In December of 2017, the Pentagon announced that over 2,000 troops were in Syria fighting against the Islamic State. The 2,000 figure marked the latest in a bit of creative calculus that started under the previous administration and carried into the current administration, and counted service members on temporary duty of six months or less who were not previously included.
The troops on the ground in Syria “include traditional combat forces like infantry, artillery and forward air controllers trained to call in airstrikes, as well as support personnel” as reported by the New York Times. Of course, amidst the—what could be mildly called—chaotic news cycle, the story didn’t receive much traction.
Unfortunately, these service members do not receive the attention that they deserve. It is easier to focus on high profile weapons systems that cost billions of dollars than it is to focus on the nitty gritty guns, boots, and armor of the infantry. This is, at its core, the critique levied by Maj. Gen. Robert Scales (USA ret.) in his latest and self-stated last book. Maj. Gen. Scales’ book is a worthwhile read, but one that loses its focus in later chapters.
Up front, the infantry is the core focus of Maj. Gen. Scales—its use and its often abuse. As Maj. Gen. Scales writes in Task & Purpose, 81%, four out of five deaths in war, since World War II have been infantry. Yet, when it comes to spending and attention, frontline combat units are at the bottom of the acquisitions spectrum. Body armor, personal radios, small arms and crew served weapon systems, and the care and support of infantry units is grossly overshadowed by the large acquisitions programs like the F-35 and F-22.
Air superiority assets are prioritized over close air support capabilities—the favorite of infantry units. Even within the Marines, air power assets are acquired at greater rates than ground vehicles, so much so that the Rep. Niki Tsongas, the ranking member of the House Armed Services tactical air and land forces subcommittee, raised her concerns.
It is more than just equipment. It is fundamentally about leadership as well. In War on the Rocks, Maj. Gen. Scales and his co-authors write “today, only 19 percent of the Marine Corps’ 648 active-duty infantry rifle squads are led by the appropriately trained, sergeant squad leader they are required to have.” That’s a staggering figure when one steps back and remembers the importance of the NCO cadre in battlefield leadership. NCOs are the backbone of combat leadership. Without adequately trained leaders, combat effectiveness can drop precipitously.
Where Maj. Gen. Scales is at his weakest is at two parts. First, his fixation on technological solutions to the challenges of the infantry somewhat undermines his earlier criticism about the fascination with technology. There are undoubtedly immediate solutions to the challenges of front line infantry—solutions that we should and must adopt. These are bread and butter solutions: better and lighter body armor, more effective small arms and crew served weapon systems, personal radios and communications, lighter equipment, etc.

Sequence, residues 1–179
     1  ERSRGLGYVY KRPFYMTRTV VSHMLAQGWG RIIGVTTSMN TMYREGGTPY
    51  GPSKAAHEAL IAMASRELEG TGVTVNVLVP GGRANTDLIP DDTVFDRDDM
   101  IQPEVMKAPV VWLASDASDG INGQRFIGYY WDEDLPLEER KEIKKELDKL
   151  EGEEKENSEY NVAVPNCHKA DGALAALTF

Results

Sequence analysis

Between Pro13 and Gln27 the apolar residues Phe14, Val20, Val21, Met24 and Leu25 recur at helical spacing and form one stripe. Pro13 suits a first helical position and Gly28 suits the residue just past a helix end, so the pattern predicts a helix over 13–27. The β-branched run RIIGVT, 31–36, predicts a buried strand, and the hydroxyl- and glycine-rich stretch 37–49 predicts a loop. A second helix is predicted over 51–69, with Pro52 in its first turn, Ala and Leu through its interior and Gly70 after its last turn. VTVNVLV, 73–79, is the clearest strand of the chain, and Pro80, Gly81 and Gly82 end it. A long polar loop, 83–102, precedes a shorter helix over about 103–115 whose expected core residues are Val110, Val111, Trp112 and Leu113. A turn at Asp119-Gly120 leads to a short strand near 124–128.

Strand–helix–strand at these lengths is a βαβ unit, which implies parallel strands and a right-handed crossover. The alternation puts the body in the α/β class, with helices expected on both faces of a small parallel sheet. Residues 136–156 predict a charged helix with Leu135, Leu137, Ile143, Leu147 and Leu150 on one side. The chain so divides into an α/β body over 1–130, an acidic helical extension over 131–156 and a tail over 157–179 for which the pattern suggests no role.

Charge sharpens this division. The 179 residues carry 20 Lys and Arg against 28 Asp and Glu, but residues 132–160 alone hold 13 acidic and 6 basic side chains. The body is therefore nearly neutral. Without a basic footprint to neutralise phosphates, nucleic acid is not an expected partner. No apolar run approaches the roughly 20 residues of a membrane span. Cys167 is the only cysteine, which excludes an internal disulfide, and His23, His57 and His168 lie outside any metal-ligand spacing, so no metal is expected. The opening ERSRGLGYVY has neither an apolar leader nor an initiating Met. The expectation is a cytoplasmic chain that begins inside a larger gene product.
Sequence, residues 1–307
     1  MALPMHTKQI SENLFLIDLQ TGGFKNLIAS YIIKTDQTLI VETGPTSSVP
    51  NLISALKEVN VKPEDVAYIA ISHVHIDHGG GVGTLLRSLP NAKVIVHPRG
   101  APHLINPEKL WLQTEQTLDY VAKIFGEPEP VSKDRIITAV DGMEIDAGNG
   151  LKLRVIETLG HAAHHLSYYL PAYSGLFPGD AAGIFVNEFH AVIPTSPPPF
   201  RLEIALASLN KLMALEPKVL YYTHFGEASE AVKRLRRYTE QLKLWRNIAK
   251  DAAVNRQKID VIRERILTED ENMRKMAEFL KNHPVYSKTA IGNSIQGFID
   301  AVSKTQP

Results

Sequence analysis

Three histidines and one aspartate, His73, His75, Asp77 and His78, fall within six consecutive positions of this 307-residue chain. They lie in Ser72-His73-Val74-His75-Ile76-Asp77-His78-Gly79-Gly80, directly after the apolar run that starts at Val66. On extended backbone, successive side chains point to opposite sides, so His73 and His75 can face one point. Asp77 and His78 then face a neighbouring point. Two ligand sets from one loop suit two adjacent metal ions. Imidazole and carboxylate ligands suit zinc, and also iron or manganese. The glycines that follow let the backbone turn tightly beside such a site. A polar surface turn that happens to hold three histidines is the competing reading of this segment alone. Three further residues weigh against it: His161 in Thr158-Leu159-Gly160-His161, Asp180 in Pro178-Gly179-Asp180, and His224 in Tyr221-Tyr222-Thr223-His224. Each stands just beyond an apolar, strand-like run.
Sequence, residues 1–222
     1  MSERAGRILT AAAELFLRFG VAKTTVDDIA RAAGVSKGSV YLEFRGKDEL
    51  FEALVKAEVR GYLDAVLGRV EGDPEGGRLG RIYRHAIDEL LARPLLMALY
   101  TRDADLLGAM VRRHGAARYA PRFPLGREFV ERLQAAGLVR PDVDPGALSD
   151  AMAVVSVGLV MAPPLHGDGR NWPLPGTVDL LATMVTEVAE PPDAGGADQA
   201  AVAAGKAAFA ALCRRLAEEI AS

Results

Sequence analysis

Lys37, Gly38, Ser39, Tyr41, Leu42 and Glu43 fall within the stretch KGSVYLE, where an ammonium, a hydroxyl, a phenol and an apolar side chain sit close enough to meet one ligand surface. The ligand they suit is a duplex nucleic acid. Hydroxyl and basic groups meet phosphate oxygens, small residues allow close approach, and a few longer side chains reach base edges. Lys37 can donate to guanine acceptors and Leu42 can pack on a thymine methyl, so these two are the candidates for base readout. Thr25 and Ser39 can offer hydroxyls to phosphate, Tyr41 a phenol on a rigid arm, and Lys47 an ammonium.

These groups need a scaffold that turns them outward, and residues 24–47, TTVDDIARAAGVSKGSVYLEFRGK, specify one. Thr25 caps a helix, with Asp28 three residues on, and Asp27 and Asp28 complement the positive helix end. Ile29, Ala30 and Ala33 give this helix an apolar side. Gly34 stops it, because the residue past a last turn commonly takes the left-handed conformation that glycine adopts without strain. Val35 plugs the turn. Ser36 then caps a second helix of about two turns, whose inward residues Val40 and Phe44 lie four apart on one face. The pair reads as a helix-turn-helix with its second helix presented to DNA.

There is a cottage industry of firearms and tactical equipment manufacturers that could scale up to meet service-wide requirements. Indeed, U.S. Special Operations Command (SOCOM) has broken through the acquisitions morass and made getting the best equipment for its personnel the most important mission. One need not look further than this month’s SHOT Show to see the range of tools potentially available to our warfighters.
But these solutions fall well short of the high speed, low drag technological solutions articulated by Maj. Gen. Scales and are solutions that can and should be fielded today. Squad-level drones, person-to-person battlefield communications, and the like are slightly longer term propositions the benefits of which need to be weighed against the costs in terms of weight, combat effectiveness, and other factors such as security.
Look at the recent concern over DJI-manufactured drones and the company’s link to China. A sensible potential solution—a personal quadcopter—is one that could carry operational security risks. Helmet-mounted cameras, also proposed by Maj. Gen. Scales, raise the specter of operational commanders drilling all the way down to an individual soldier or Marine’s position on the battlefield—something that would bring new meaning to the 10,000-mile screwdriver.
Maj. Gen. Scale’s strong arguments about the infantry are undermined by broad brush generalizations about politics and political leadership. To be sure, there are plenty of criticisms that can and should be levied against the political class, but his statements lack the focus and poignancy of his solid analysis of the infantry and the short shift it receives. The book could easily have dispensed, and in all likelihood should have dispensed, with these arguments and it would have been all the stronger for its concision.
It is easy to pay lip service to supporting the military. It is much more difficult to put the money where it matters. The Marine and Army infantry are the literal tip of America’s spear and deserve the best equipment and strongest support. Fielding top quality equipment that would do the most to arm and equip our infantry is likely a rounding error for many of the big budget weapons programs like the F-22 and F-35. Without frontline infantry, air superiority is worthless.